Orienteering Course: Test Your Endurance and Map Reading Skills | Functioning
TThis is not a good start to my first orientation session. My phone has completely lost all signal, the carefully plotted coordinates of the meeting point have disappeared from Google Maps, and I can’t even find the parking lot. Fortunately, the Southdowns Orienteers are much more organized – I spot a sign stuck to a tree. I think we are in business.
Despite my appetite for cross-country, a great tolerance for mud and more than a passing interest in gadgets, I’m a bit apprehensive how I’m going to get by. I’m not as fit as I should be, thanks to a desk job and two exhausting young children. I hope I’ll be saved by my secret cartophilia habit (I’m known to download unlabeled world maps so I can challenge myself to name each country) and a decent sense of direction. Hopefully it won’t end like the Blair Witch Project and I’ll be heading back to the car before sunset.
Orienteering may seem quite technical, but the basic principle is to time yourself to run courses on variously difficult terrain. The Southdowns Orienteers, a Sussex-based club, run most weekends, and all you need is a pair of supportive running shoes with good grip and Â£ 5.50 to participate. The group does everything else for you – plotting a trail through the forest, providing maps, and renting you an electronic dibber for Â£ 1 which you use to record your times at electronic checkpoints along the way.
We are rather blessed on this special Saturday morning in Friston Forest, with the misty South Downs as a backdrop and the relief of a warming spring sun. Ali Hooper, an experienced orienteer, introduces me to the principles of map reading and route planning, and we follow some short, basic trails using a small compass and colorful maps on A4 paper. Then we measure the number of steps we take over 100 meters and use that to calculate how far away the next point of contact is.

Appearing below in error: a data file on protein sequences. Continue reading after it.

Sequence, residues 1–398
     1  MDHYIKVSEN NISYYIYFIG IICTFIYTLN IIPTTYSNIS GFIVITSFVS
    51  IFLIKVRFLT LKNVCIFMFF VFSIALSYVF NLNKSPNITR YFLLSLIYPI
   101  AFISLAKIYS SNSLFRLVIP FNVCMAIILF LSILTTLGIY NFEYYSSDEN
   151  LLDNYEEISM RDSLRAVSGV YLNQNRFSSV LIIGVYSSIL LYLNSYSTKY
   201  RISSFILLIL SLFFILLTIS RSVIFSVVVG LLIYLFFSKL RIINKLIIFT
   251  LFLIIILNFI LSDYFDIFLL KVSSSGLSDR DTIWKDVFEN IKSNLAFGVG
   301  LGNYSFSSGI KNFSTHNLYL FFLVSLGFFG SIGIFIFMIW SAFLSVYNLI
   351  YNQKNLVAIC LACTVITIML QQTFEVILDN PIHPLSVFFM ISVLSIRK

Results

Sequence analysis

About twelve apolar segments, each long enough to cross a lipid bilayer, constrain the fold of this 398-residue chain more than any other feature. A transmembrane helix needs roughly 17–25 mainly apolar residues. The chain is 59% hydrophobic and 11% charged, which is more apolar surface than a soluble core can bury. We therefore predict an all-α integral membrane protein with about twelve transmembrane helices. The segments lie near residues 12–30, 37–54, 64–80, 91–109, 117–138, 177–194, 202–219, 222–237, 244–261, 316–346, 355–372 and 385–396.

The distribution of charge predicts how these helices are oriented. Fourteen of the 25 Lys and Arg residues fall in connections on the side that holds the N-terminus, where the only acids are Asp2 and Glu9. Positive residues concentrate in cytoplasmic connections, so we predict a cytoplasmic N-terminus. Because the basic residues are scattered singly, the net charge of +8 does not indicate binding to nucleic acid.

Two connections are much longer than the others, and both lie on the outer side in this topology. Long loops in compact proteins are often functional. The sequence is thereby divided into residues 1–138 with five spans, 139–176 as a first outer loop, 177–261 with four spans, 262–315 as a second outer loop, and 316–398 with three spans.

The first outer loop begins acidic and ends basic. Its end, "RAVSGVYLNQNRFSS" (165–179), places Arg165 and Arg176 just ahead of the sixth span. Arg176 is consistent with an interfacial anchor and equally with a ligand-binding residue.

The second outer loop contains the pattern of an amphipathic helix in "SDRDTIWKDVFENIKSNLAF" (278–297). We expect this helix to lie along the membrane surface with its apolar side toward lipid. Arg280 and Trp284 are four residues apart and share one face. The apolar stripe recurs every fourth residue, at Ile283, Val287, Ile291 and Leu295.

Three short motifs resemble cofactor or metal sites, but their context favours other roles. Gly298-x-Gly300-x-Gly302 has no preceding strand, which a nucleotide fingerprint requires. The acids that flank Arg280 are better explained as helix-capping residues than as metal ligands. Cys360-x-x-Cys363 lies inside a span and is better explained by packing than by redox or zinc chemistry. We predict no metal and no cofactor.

The courses are color coded for difficulty, from easy white to difficult black. By the time I have finished my training, the maps for the simpler yellow and orange courses are exhausted, so I have a green course of 7 km left. I quickly discover that it is much, much more difficult than my usual cross country race. Soon I’m wading through mud, climbing brambles and thickets, and running over spongy leaves. I also constantly check my route and direction, and compare landmarks such as dense undergrowth and mounds with symbols on the map.
Orienteering groups are careful not to over-register for events – if you can see the runner in front of you, it’s easy enough to let them navigate (or cheat, as some might call it). I try to ignore Les Hooper, a 40 year old orienteering veteran, but I can’t help but notice that after confidently passing him towards checkpoint 6, he’s gone. Ten minutes later, I’m still inspecting the wrong thicket when I realize Les is long gone. It takes a thorough reexamination of my map to realize that I’m 30 meters too east, which is a perfect illustration of why map reading is the primary skill of orienteering. You don’t even have to run; many members, including a 92-year-old in this group, use walking routes instead. It can be done at any speed, in any location (there is urban orienteering, ski orienteering, horse orienteering – even orienteering. night), in all weathers and at all ages.
What is particularly nice is that the whole family can also participate. Les tells me that her children and grandchildren are all avid orienteers, and given the constant concern about screen time, this is a great way to engage kids in a gently competitive sport and skilled who will put some color on their cheeks. Another seasoned member says he and his wife started orienteering as a last resort – they had tried many other sports, but he continued to win. They’ve been doing orienteering since then and she beats him every time.